The Texas Day of Civility in the Law
A day to remember our constant obligation to practice civility in the law.
Written by Kathy S. Mills
The first step is acknowledging that civility does not denote defeat or victory; rather it embodies the very process by which great lawyers perform their work. With this foundation, one may celebrate the day through reflection, promotion, education, involvement, or simply by committing to focus on civility.
Reflect on your experiences. On the Texas Day of Civility, on September 17, reflect on your experience with the concept of civility and contemplate the applicable adages “no one’s perfect” and “it is always the right time to do the right thing.” Upon reflection, you will likely conclude that you and others fail at civility from time to time. When you or someone you are dealing with fails to be civil, the best thing to do is acknowledge it and move forward with renewed commitment. An extraordinary aspect of civility is that one’s commitment to the concept does not hinge on others’ action or inaction; you may begin implementing civility at any time. Let this reflection guide your desire to promote civility in a forward-thinking way.
Promote civility in the “virtual world.” Civility shall extend to “virtual” interactions; the concept is not limited by time or place. As we adapt to changing technology, the concepts of civility too have adapted. For example, civility comes easier in some ways, as conversations held in virtual forums are necessarily slower, with less “talking over” others. Civility in virtual proceedings is also more difficult in certain regards, as polite side-conversations are nearly impossible, hand shaking non-existent, and friendly smiles are hard to direct. Regardless of ease or existence of challenges, on the Texas Day of Civility, commit to promoting civility both in-person and remotely.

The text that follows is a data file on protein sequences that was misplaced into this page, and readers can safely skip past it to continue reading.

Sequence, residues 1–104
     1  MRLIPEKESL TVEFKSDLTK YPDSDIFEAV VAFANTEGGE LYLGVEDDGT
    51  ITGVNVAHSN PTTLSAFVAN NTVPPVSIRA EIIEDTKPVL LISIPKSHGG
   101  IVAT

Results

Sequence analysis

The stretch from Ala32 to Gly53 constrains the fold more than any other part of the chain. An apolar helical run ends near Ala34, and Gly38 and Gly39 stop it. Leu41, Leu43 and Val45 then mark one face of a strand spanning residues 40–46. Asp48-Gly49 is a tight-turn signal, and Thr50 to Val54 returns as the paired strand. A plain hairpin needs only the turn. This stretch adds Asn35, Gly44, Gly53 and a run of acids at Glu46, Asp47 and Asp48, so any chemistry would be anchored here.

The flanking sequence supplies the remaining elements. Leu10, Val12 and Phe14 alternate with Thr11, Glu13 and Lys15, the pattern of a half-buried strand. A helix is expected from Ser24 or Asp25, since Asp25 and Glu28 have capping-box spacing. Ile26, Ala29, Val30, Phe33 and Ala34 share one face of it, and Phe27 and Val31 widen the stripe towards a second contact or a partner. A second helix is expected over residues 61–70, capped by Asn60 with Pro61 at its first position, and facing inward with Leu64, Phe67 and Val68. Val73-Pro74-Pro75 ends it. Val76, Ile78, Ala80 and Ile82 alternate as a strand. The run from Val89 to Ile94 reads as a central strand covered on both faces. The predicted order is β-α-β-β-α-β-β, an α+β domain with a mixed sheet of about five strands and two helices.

Get Involved. Many local bars are excitedly planning in-person and virtual programs. All are encouraged to attend these programs with an open mind, so we may all engage in an important dialogue on continuing efforts to maintain and enhance civility in our profession. If your local bar is not planning a formal event, consider holding an informal reading of the Texas Lawyer’s Creed, posting it online, or simply sending an email reminding others to act with civility to preserve our system of justice, as urged in the final paragraph of the proclamation.
Become better informed. Reading and reflecting on the proclamation of this celebrated day serves as a solid starting point; additionally, the proclamation repeatedly points to one other document that lawyers are urged to re-read, the Texas Lawyer’s Creed. While the Texas Disciplinary Rules set out enforceable ways in which we must practice law, the creed is chock-full of tidbits on how, when, and to whom our civility must be extended. To participate in the spirit of the Texas Day of Civility fully, lawyers should re-read and re-affirm a commitment to the Texas Lawyer’s Creed.
In conclusion, like many of you, I see countless articles and news stories complaining of the decline of civility in the law and in general. As an idealistic, ever hopeful, “young” lawyer, I suggest that we are just as civil as we ever were, and we have simply begun paying greater attention to our failings. Whether you believe civility is on the rise or the decline, may the Texas Day of Civility in the Law serve as a reminder of our constant obligation to practice civility in the law.TBJ
KATHY S. MILLS
serves as the clerk of the court for the 13th Court of Appeals in Corpus Christi. Prior to her appointment, she was the second assistant district attorney and child crimes prosecutor for the Nueces County District Attorney’s Office. Mills’ passion for civility in the law drives her service as a member of the State Bar of Texas Professionalism Committee.